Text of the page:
Air pollution

In 2018, 1.3% of the total disease burden in Australia was due to air pollution.

These estimates reflect the amount of burden that could have been avoided if all people in Australia were not exposed to particulate matter 2.5μg/m3 (PM2.5).

Air pollution was causally linked to 6 diseases—coronary heart disease, chronic obstructive pulmonary disease (COPD), stroke, lung cancer and lower respiratory infections (see ABDS 2018 Risk factor estimates data table).

How much burden was attributable to air pollution?

Air pollution was responsible for 8.6% of coronary heart disease total burden, 8.3% of gout burden, 6.7% of both COPD and type 2 diabetes burden, 5.7% of lower respiratory infections burden and 3.4% of lung cancer burden.

This interactive data visualisation shows the burden attributable to air pollution by linked disease. The main section shows a horizontal bar graph which can be customised to report data according to year, sex and measure of attributable burden. Each bar represents the attributable burden of the disease linked to air pollution.

How did burden attributable to air pollution vary by age and sex?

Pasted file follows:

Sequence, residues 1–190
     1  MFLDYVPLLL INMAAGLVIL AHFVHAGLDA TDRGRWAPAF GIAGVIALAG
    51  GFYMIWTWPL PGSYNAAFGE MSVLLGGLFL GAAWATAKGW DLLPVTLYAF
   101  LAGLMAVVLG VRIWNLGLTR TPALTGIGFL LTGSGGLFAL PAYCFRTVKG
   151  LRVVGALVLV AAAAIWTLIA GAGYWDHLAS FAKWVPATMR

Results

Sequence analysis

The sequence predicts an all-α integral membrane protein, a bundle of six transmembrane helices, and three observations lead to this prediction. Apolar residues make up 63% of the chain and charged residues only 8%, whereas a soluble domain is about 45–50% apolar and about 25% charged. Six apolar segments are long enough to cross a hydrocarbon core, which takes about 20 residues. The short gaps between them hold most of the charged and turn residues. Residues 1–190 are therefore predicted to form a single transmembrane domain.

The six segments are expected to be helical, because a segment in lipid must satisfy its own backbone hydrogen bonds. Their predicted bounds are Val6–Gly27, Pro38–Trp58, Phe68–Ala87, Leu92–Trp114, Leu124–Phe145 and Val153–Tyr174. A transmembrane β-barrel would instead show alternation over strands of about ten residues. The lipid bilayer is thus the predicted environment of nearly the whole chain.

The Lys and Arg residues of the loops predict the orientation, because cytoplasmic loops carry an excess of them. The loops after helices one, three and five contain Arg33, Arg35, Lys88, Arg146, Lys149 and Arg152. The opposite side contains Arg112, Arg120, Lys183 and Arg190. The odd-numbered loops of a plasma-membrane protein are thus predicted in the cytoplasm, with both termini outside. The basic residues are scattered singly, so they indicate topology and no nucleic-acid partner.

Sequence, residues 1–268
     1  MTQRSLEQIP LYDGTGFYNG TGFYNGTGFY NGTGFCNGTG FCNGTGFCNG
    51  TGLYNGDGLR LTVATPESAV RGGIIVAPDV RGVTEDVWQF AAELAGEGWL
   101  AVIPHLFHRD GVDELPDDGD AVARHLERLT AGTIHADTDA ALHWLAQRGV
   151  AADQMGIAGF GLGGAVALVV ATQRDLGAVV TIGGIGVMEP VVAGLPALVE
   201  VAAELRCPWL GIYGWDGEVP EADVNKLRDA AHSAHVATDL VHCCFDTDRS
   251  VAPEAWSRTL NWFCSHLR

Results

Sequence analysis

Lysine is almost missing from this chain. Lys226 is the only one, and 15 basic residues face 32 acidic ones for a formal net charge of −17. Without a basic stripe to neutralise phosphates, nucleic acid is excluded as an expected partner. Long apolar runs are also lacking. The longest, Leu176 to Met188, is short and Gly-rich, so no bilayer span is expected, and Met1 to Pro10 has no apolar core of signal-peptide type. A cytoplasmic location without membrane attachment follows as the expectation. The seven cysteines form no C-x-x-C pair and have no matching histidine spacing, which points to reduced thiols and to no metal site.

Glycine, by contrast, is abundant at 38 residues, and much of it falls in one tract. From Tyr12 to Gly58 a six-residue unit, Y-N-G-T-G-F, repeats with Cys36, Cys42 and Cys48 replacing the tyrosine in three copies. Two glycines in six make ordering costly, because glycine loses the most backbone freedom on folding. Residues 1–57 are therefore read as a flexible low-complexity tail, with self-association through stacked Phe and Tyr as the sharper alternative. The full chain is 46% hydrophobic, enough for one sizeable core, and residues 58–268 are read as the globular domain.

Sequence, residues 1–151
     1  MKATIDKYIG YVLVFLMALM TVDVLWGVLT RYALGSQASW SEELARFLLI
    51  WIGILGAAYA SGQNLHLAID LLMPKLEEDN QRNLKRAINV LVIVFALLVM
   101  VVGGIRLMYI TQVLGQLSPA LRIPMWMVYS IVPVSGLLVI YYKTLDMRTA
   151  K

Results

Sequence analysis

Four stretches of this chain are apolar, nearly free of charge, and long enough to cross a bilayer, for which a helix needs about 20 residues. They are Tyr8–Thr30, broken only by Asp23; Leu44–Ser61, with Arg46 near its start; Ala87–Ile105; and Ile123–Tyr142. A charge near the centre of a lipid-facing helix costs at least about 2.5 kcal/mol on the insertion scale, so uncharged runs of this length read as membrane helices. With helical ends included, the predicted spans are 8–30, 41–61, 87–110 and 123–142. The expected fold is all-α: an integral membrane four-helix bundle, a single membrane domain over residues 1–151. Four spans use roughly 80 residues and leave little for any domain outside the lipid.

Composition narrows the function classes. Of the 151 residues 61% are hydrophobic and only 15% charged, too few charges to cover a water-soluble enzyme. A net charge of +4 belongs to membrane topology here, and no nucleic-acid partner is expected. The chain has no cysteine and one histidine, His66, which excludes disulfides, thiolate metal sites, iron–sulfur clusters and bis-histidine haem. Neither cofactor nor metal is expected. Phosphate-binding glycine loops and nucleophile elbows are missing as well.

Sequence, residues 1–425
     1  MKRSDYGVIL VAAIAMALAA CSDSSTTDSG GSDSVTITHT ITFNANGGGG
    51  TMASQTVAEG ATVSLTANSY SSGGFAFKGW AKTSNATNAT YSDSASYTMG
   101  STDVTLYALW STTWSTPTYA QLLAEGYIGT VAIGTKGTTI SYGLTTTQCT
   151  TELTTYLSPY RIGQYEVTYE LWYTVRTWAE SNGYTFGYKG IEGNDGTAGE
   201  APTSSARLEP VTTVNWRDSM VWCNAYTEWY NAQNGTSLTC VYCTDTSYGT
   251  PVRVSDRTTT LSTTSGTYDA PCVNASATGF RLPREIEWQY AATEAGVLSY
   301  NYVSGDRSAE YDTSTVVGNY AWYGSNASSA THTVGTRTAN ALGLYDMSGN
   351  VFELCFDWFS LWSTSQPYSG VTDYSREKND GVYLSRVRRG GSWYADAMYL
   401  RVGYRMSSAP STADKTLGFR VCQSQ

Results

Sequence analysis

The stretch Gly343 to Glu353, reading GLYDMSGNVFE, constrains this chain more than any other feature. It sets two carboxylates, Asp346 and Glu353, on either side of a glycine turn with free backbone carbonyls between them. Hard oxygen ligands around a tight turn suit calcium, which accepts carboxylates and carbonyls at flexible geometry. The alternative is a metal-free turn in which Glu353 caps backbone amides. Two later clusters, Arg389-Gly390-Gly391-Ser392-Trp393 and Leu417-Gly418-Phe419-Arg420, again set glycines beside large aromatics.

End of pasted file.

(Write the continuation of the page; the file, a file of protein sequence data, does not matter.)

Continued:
The majority of the total burden due to air pollution occurred in older Australians— over the age of 65.

In people aged 65 years and over, the most burden due to air pollution was from coronary heart disease followed by COPD. For those under 65 years, most burden was also from coronary heart disease followed by stroke.

Males experienced more burden due to air pollution compared with females up to age 84; whereas females experienced more total burden due to air pollution from age 85 onwards.

This interactive data visualisation shows the amount of burden attributable to air pollution by age group and linked disease. The main section shows a stacked bar graph which can be customised to report data according to year, sex, disease group and measure of attributable burden. Each bar represents the attributable burden within a particular age group. Each bar is also split into separate components with each colour representing a disease linked to air pollution.

Did attributable burden vary by socioeconomic group?

Total disease burden attributable to air pollution was 2.2 times greater in the lowest (most disadvantaged) socioeconomic group compared with the highest (least disadvantaged) group.

This interactive data visualisation shows the rate of burden attributable to air pollution by socioeconomic group. The main section shows a bar graph which can be customised to report data according to year, sex and measure of attributable burden. Each bar represents the attributable burden within a particular socioeconomic group due to air pollution.